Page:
|Efficacy and safety of dual blockade of the renin-angiotensin system: meta-analysis of randomised trials
|Makani H, Bangalore S, Desouza KA, Shah A, Messerli FH
The authors concluded that compared with monotherapy, combination blockade of the renin-angiotensin system had some beneficial effects, but it did not reduce mortality and significantly compromised safety. Despite some limitations in the review, there were a lot of trials, and larger trials tended to find similar effects, which suggests that the authors' conclusions are likely to be reliable.
To compare the long-term efficacy and safety of individual versus combined blockade of the renin-angiotensin system, for patients with various disorders.
PubMed, EMBASE, and Cochrane Central Register of Controlled Trials (CENTRAL) were searched for peer-reviewed articles from January 1990 to August 2012. Search terms were reported and no language restrictions were applied. Reference lists of relevant studies were manually searched.
Eligible for inclusion were randomised controlled trials (RCTs) that compared the long-term efficacy (one year or more) and safety (four weeks or more) of individual versus combined blockade of the renin-angiotensin system. Combined blockade could include any two angiotensin-converting enzyme (ACE) inhibitors, angiotensin-receptor blockers, or aliskiren (a direct renin inhibitor). Eligible trials had to include at least 50 participants.
The included trials were of patients with varying conditions, including hypertension, diabetes, microalbuminuria, heart failure, kidney disease, or myocardial infarction. Where reported, the mean age of patients ranged from 50 to 67 years, and the percentage of men ranged from 40 to 100. A range of treatments was used and the regimens were not reported; combination therapy included the comparison treatment used as monotherapy. The included trials reported efficacy (all-cause mortality, cardiovascular mortality, or admission to hospital for heart failure) and safety events (hyperkalaemia or hypotension – defined in the review, renal failure, or withdrawal due to drug-related adverse events).
Two reviewers independently screened studies for inclusion; disagreements were resolved through consensus.
Assessment of study quality
Trial quality was assessed according to the criteria recommended by the Cochrane Collaboration, covering allocation generation and concealment, blinding, incomplete outcome data, selective outcome reporting, and other sources of bias. Those trials that were at high or unclear risk of bias for allocation generation and concealment, and blinding were rated as low quality.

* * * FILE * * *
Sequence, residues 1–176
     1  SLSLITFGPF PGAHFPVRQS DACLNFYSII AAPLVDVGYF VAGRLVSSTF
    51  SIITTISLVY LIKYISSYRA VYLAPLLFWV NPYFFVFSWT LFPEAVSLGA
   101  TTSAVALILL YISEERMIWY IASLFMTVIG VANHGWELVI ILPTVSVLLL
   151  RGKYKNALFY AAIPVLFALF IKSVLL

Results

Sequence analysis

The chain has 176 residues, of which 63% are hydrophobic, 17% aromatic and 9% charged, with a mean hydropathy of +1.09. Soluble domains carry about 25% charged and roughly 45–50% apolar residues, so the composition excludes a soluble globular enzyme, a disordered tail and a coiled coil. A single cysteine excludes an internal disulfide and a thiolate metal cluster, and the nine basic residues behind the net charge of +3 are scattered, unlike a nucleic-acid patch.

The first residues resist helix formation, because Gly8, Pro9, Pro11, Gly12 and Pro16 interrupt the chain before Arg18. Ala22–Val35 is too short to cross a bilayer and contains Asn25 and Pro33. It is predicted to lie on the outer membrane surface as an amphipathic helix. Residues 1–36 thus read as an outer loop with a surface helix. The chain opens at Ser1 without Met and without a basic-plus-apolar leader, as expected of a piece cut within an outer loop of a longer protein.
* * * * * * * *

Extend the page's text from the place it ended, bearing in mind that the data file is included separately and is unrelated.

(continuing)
The authors did not state how many reviewers assessed quality.
The efficacy and safety events were extracted, on an intention-to-treat basis, to calculate risk ratios and 95% confidence intervals. The authors did not state how many reviewers extracted the data.
Methods of synthesis
A Mantel-Haenszel random-effects model was used to combine the risk ratios and 95% confidence intervals, for relevant outcomes, and by type of treatment. Statistical heterogeneity was assessed using Ι², where under 25% was low and over 75% was high.
For efficacy, subgroup analyses were undertaken for patients with and without heart failure. For safety, subgroup analyses were undertaken for patients with and without heart failure, low and high risk of bias, duration of follow-up (less than one year versus one year or more), and number of patients (less than 500 versus 500 or more).The interaction between the estimates for each pair of subgroups was assessed, using published methods.
Publication bias was assessed, using funnel plots or the Begg and Egger tests. Where there was evidence of bias, the trim-and-fill method was used to adjust the results of the meta-analysis.
Results of the review
Thirty-three trials, with 68,405 patients, were included in the review. Fifteen trials were at high risk of bias and 18 were at low risk of bias; 18 trials reported adequate allocation generation and concealment, and 24 reported adequate blinding. Follow-up ranged from four to 243 weeks. There was no evidence of publication bias.